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The federal Liberal’s 2019 election pledge to plant two billion trees in 10 years has barely sprouted.

A recent audit found the program has missed its targets to date, with less than 3 per cent of the promised total in the ground, and far too many are ending up in single-species tree farms, rather than future forests.

Tellingly, the endeavour is expected to create more greenhouse gas emissions than it captures until 2031.

The 2 Billion Trees program is an important commitment, and Ottawa needs to make adjustments to succeed. As auditor Jerry DeMarco, the federal Commissioner of the Environment and Sustainable Development, noted, there is no solution to climate change and biodiversity loss that does not involve our forests.

To plant a tree – or two billion – is an action for future generations. But like so many Liberal promises on climate action, ambition has not been matched by sufficient action. This initiative is supposed to use the power of nature to help fight climate change: New forests can absorb carbon, and they can enhance biodiversity. In urban areas, tree canopies can mitigate against extreme heat, improving human health.

The $3.2-billion program formally launched in 2021 and although it was expected that it would take time to line up land, seedlings and tree planters, even the modest targets for the first two years have not been reached.

The targets were not unreasonable: In the time since Prime Minister Justin Trudeau announced his plan, British Columbia has planted about one billion trees, separate from the federal initiative. With the massive forest losses owing to beetle kill and wildfires, the province’s land base could easily accommodate far more. Before this season’s wildfires began, B.C. had about 2.7 million hectares waiting to be replanted – half the size Nova Scotia, and close to the same as burned in 2017 and 2018, two of B.C’s worst-ever fire years.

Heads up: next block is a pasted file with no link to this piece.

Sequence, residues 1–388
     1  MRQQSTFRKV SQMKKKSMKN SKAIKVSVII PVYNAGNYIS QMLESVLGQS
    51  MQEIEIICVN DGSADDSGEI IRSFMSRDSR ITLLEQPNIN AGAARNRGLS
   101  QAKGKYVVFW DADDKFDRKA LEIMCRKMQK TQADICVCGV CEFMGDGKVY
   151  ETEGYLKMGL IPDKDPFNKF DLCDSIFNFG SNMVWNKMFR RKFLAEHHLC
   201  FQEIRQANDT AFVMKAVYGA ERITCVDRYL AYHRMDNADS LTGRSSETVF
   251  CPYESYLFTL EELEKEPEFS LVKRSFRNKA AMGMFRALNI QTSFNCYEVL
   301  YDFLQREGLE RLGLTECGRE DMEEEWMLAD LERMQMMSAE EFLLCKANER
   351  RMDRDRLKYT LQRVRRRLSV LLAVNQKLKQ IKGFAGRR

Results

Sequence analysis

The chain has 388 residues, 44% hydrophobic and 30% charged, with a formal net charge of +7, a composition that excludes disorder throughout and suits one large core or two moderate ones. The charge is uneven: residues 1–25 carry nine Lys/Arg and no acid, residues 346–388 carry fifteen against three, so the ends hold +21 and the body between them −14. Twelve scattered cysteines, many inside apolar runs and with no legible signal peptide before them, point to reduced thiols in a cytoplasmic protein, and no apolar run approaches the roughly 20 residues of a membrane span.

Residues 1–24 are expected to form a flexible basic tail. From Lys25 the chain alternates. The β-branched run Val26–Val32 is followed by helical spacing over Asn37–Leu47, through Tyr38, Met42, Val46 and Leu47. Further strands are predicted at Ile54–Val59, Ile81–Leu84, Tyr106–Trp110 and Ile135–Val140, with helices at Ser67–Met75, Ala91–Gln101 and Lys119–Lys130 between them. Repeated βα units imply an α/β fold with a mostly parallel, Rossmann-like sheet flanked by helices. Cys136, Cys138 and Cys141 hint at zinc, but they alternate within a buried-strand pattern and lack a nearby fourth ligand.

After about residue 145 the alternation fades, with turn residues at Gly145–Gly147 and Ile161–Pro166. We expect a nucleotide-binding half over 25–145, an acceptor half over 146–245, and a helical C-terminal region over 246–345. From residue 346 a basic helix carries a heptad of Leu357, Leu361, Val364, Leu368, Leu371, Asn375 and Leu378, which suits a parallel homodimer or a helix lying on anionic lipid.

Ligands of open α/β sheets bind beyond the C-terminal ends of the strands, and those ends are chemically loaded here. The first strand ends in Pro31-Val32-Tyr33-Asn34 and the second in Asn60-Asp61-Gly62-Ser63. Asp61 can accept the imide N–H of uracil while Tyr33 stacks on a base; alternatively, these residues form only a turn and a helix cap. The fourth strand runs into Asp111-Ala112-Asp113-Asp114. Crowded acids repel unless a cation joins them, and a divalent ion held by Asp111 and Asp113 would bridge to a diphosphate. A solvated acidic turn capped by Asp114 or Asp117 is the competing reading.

The vast wilderness in B.C., waiting for replanting, is just one province. There are opportunities across the country.

The federal plan hinges mostly on cost-shared partnerships, and that has proved to be a vulnerability. To achieve its goals, Ottawa needs co-operation from provinces, territories, local governments, Indigenous communities, plus farmers and other private landowners. The key partnerships are with the provinces, and those have been slow to blossom. B.C. and Alberta have recently signed on. Ontario and Quebec are among the holdouts, a major risk to the program’s success.

In the best-case scenario, the audit found, the program was only expected to reach 2.3 per cent of its overall goal after the first two years. And the delays will just compound. Canadian nurseries told the auditors that they would require up to two years of preparation before planting seeds, and one to eight more years before seedlings would be available for planting. They need commitments before ramping up.

Once in the ground, it takes another decade before the new trees start to deliver net benefits to Canada’s greenhouse gas reduction ambitions. Ottawa’s targets, set at the beginning of the program, were to reduce emissions by up to two megatonnes annually by 2030. Since then, Natural Resources Canada has concluded the program would be a net greenhouse gas source until 2031, because of initial emissions caused by site preparation and planting activities. The goal by 2050 is to cut emissions by 12 MT a year – 1.8 per cent of Canada’s current level of 670 MT.

Since nature can be capricious, the audit called for more consistent monitoring to be sure that seedlings are thriving after planting.

Finally, plantations of a single species of tree are handy for the forest industry if the intent is to cut the trees down in the future. But one of the goals of this program is to preserve and protect biodiversity, and that means Canada needs to be more thoughtful about what it is planting.

A report by the Wildlife Conservation Society Canada, released in March, warned that almost one in four tree species in Canada is now at risk. The threats include pests and diseases, land development, and the growing impacts of climate change. This only underscores the urgency to get this program right.

This week, much of Western Canada is facing extreme wildfire hazards, with smoke from numerous out of control fires choking the skies in Calgary and thousands evacuated from their homes. There is work to be do. Ottawa needs to motivate the provinces to start putting shovels in the ground.

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